I was happy to discover upon waking, that my second day in Parma, even though still cloudy, was not as rainy as the previous day had been. I was determined to venture a bit farther from the apartment, and to see a few of the sights that I felt were important to see, when visiting this city. Because of the still slightly unsettled weather, I began my day with a visit to the Palazzo della Pilotta. This is a palace built in 1580 by the Farnese Dukes. Today, it is home to a group of cultural institutions: the Galleria Nazionale, the incredible Teatro Farnese, the National Archaeological Museum, the Palatino library, and the Bodoni Museum of Art. Once you purchase your ticket, on the building’s first floor, your visit begins in the beautiful Teatro Farnese. This wooden theater is considered to be one of the very first theaters ever to be built with a permanent proscenium arch. It was the first theater in all of Europe to have mobile sets. The space that we visit today is a reconstruction of the original, as that was destroyed by bombs during World War II. The really nice thing, about visiting this theater, is that not only do we get to stand in the audience area, but the museum path takes us backstage as well!After the theater, one can visit the rest of the museum in any order that you wish.After you finish exploring the museum, take a moment and return to the front of the building, where off to the side you will find the Monument to Giuseppe Verdi.My next stop was just around the corner of the next street – The Monastero di San Paolo and the Castello dei Burattini.The Castello wouldn’t be open until later in the afternoon, so I purchased a ticket for the Monastero, planning to return later to see the other attraction. The Monastero di San Paolo is a popular tourist destination for one reason – the famous Camera della Badessa with its incredible frescoes on the ceiling, by Correggio. I found it best to wait patiently while the few groups that were in the rooms of the monastery passed through, as the space is small, and I wanted to be able to enjoy the frescoes at my leisure, and without other people in the way.Across the street, take a moment and visit the beautiful post office!After lunch, I headed back to visit the Castello dei Burattini – the Puppet Museum!Around the corner is yet another museum, the Pinacoteca Stuard.Piazza Garibaldi is the main piazza of the city. Of course, one doesn’t have a Piazza Garibaldi without a statue of the man himself!The Monument to Parmigianino is in Piazza Steccata, in front of the beautiful Chiesa della Steccata. While this church is certainly worth a visit when in Parma, do yourself a favor, and buy a ticket for a guided tour of the small museum attached to it.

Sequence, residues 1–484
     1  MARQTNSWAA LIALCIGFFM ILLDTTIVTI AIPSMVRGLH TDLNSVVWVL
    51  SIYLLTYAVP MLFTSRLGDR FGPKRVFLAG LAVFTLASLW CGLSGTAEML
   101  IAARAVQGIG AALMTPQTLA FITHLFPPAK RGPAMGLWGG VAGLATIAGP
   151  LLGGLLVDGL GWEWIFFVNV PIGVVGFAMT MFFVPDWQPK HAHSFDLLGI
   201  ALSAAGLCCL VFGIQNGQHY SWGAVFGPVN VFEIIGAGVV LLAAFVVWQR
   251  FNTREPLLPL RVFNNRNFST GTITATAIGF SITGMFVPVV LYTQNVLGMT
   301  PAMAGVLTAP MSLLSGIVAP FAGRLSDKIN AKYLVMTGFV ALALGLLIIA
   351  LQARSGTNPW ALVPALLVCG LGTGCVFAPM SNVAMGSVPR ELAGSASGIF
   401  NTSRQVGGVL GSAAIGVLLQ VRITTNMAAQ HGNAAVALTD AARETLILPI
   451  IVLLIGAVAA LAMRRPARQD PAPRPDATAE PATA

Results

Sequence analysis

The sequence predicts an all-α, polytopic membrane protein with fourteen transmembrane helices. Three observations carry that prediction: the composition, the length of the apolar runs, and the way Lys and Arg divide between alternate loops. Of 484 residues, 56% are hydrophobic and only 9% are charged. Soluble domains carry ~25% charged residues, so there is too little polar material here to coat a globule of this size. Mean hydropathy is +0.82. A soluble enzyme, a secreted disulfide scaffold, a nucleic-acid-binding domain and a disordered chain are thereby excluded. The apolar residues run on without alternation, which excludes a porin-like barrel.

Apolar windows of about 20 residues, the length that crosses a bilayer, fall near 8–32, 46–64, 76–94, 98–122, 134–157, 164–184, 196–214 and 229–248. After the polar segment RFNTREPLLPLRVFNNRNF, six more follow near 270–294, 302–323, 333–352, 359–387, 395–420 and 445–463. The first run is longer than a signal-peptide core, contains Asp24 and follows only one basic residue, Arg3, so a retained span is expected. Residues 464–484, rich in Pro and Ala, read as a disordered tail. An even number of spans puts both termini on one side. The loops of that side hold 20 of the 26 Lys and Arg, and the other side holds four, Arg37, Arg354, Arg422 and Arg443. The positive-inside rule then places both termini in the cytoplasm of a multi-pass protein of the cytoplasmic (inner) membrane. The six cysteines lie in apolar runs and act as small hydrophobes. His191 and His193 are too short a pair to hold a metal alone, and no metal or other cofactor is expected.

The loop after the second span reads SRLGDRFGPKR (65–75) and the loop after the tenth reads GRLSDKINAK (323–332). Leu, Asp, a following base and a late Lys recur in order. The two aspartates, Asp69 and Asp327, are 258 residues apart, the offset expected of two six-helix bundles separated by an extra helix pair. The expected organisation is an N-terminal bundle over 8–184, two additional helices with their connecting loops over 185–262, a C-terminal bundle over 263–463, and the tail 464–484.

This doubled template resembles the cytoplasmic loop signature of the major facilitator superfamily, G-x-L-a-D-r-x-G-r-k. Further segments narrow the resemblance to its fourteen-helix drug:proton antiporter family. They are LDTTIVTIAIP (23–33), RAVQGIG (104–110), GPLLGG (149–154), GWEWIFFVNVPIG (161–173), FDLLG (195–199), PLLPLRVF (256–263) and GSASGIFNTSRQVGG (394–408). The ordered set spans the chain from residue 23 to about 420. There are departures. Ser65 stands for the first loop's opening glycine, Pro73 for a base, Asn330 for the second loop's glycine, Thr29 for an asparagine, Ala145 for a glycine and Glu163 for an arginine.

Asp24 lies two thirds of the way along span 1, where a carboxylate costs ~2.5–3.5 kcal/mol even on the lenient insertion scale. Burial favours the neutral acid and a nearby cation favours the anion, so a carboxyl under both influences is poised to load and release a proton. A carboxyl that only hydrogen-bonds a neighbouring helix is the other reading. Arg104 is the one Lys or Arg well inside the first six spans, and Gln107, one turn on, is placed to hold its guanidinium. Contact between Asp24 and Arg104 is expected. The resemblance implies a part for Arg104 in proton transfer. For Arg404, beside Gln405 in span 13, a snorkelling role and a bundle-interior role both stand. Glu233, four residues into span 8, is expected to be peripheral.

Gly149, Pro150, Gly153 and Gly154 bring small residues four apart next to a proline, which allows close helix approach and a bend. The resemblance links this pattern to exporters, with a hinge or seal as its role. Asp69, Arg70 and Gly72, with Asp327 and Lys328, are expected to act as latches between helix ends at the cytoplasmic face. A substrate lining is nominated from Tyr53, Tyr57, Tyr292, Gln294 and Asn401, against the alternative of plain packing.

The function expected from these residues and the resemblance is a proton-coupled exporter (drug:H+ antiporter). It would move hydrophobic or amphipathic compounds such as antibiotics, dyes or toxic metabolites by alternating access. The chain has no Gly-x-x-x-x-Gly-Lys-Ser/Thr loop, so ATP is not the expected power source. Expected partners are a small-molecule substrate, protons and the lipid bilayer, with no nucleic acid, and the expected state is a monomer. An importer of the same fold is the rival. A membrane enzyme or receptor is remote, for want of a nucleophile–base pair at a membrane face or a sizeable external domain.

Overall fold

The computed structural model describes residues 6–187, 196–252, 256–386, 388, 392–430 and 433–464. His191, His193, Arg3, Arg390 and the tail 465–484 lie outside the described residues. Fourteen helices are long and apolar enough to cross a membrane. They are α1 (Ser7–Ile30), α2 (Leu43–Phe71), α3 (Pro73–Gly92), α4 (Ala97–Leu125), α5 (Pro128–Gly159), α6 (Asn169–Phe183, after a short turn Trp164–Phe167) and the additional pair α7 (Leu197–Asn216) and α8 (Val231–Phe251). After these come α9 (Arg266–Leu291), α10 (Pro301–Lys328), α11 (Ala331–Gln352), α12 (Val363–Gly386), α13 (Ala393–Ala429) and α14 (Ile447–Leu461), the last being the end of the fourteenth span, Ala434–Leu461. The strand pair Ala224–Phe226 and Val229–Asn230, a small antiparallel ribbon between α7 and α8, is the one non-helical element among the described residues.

Next up: more from the beautiful city of Parma, including a visit to the city’s outdoor market, and the Cittadella!
Note: this blog is written in English and Spanish, and the author takes no responsibility for the quality of any other translations which may appear.